Search This Blog

Sunday, 28 August 2011

Freedom and Smiles: image study of Hu Shih (II)

Hyperlink to source text in Chinese: 自由与微笑:胡适图像研究
An abbreviated translation by @krizcpec (Part 2 of 3)
Two: Self-expectation

In his book, Autobiographical account at forty (《四十自述》), Hu Shih wrote that since he was little, he had seen the hardship his mother had to withstand in running an extended family; the incompetent eldest sister-in-law and the competent second eldest sister-in-law both tended to show other a nasty face, showing no regards as to how others would feel. He slowly came to the understanding that “there is nothing more offensive than an angry face; nothing more indecent than showing others that angry face, which is harder to bear than being scolded or beaten.”

Hu Shih treated others with honesty, sincerity, generosity. He did not show others a nasty face. This wasn't the impression of just one person, but were how those who came into contact with him generally felt.

Historian Ho Ping-ti recounted in his memoirs (《阅世读史六十年》) that “one day at nine in the morning, as I was about to say goodbye to Hu and go into the city, the cook handed Hu a name card. Hu showed with noticeable anger his dissatisfaction with the personality and motive of that guest. Yet after a second thought, Hu decided to meet him nonetheless. As I walked out of the door I heard Hu greeted him loudly, 'Haven't heard from you for months, what are you up to now?' What followed was the sound of chat and laughter from both. Clearly, that was one of the characteristics of Hu Shih that was hard for others to learn from: to leave room for people you have doubt in and try best not to let others see an angry face – exactly what I can't do.”

Perhaps some would feel Hu Shih to be a man of affectation; but those with more experience in life would appreciate the difficulty involved in doing things that way. Because of his understanding of tolerance, his perception of liberty and his early experience, Hu very seldom showed others a nasty face. Therefore, you could hardly find any photo of Hu Shih with his face distorted by anger.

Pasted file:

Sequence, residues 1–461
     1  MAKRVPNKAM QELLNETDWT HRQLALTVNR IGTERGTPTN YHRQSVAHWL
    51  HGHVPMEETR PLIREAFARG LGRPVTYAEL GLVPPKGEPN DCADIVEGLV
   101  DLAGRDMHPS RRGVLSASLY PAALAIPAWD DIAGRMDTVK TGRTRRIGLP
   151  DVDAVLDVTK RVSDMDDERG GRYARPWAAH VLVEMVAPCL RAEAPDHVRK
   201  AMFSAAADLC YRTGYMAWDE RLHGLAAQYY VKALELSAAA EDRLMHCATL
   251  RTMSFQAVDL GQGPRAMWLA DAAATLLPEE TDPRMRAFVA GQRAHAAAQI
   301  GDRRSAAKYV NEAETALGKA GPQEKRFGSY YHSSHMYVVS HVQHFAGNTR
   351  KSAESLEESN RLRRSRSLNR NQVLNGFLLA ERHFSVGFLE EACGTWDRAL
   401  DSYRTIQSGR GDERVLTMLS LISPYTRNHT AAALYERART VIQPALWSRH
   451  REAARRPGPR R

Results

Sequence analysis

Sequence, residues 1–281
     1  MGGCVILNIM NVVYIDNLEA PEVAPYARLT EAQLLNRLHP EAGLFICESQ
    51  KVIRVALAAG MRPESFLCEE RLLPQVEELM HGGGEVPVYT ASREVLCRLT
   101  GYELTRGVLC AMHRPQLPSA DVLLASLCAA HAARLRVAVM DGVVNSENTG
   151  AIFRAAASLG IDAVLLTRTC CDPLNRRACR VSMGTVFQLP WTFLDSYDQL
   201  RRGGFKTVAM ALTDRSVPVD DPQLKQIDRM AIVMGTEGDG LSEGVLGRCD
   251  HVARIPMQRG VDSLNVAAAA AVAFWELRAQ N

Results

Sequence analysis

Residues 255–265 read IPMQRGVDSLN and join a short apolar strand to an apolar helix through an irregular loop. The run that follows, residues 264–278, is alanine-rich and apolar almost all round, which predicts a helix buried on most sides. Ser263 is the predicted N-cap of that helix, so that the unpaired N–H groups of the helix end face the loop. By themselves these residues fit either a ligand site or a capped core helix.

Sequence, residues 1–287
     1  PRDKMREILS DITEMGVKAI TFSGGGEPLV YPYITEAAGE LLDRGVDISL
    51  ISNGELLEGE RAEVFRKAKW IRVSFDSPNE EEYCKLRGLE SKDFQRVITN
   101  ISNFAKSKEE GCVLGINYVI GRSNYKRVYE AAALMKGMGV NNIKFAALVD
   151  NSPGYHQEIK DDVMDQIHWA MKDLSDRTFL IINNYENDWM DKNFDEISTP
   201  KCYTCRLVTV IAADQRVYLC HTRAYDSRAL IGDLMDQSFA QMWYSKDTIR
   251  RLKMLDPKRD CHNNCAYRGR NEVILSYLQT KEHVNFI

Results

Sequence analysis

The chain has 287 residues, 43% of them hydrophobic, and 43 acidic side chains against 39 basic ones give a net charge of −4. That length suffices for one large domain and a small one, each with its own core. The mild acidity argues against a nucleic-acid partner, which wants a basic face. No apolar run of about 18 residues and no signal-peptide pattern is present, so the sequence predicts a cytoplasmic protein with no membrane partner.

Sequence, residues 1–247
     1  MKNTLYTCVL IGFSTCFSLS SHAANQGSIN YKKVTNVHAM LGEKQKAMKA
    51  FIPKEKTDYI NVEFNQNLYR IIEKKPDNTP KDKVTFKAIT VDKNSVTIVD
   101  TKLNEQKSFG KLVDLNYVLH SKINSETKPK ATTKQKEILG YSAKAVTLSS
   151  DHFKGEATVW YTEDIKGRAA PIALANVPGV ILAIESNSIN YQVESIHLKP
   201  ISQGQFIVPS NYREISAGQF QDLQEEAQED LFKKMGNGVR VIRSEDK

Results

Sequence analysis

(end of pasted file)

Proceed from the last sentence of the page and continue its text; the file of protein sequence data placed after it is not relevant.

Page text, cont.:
People who have some understanding of Hu Shih are aware that he aspired to bring about a new era, and had the self-expectation of becoming a great person. As a result he had strict requirements on himself: from studying, writing diary to getting along with others, none was done without discretion or order.

There are people who have strict or even rigid requirements not only on themselves, but also on others, which indicates that they do not realize others have the freedom of choosing what not to do. Without the understanding that people have the total freedom to choose to achieve greatness or live ordinary lives. Failing to recognize this shows a lack of understanding of what freedom really means.

It seems deceptively easy to follow the principle of being strict to oneself while showing leniency to others – the way how Hu Shih had lived. For most of the people, this is way too difficult. Renowned botanist Hu Hsien-Hsu, a cultural conservative who opposed vernacular Chinese, the exact antithesis of Hu Shih. In 1925 when Hu Shih met Hu Hsien-Hsu in Shanghai, they took a picture together. While Hu Hsien-Hsu put up a stern face, Hu Shih was smiling broadly, and on the back of that photo he wrote, “we are two friends opposing each other.” We can see from this how his tolerance of contrary points of view influenced the way he got along with others and his choice to show others a smiley face.

In one of my earlier articles (《一位微笑的反对者》) I devoted a section to deliberate the extraordinary friendship between Hu Shih and Chen Duxiu. After 1919, Chen became increasingly left-leaning; he established the Chinese Communist Party, and even took the road of violent revolution. It can't be more obvious how Chen's speeches and actions differed from that of Hu Shih, an advocate for gradual improvement; and in today's setting, the extraordinary friendship between them would be beyond comprehension for people who can't care less about rights and wrongs, paying attention only to the stance others take. Few are aware that people with difference in opinions, or in paths taken don't necessarily become enemies, they can still be friends so long as one another has moral principles.

Friends can be critical toward each other, too. In response to Chen's vigorous approval of the burn down of the office of an influential newspaper (北京晨报) which opposed the Soviet Union in 1925, Hu Shih wrote a letter to criticize Chen. In that letter there was a line that went, “You and I had jointly issued a declaration, 'fight for liberty'. The one principle to fight for liberty is: that which I disagree with isn't necessarily wrong; that which I agree with may not be right”, stressing the importance of tolerance of opposing viewpoints and beliefs.
At times when Chen Duxiu was in critical situation, or even after his death, Hu offered him help. Is it possible for such a friendship, as can be perceived in the pictures of Chen and Hu taken together, to exist now, a time when people easily break with others?

(End of Part Two)

No comments:

Post a Comment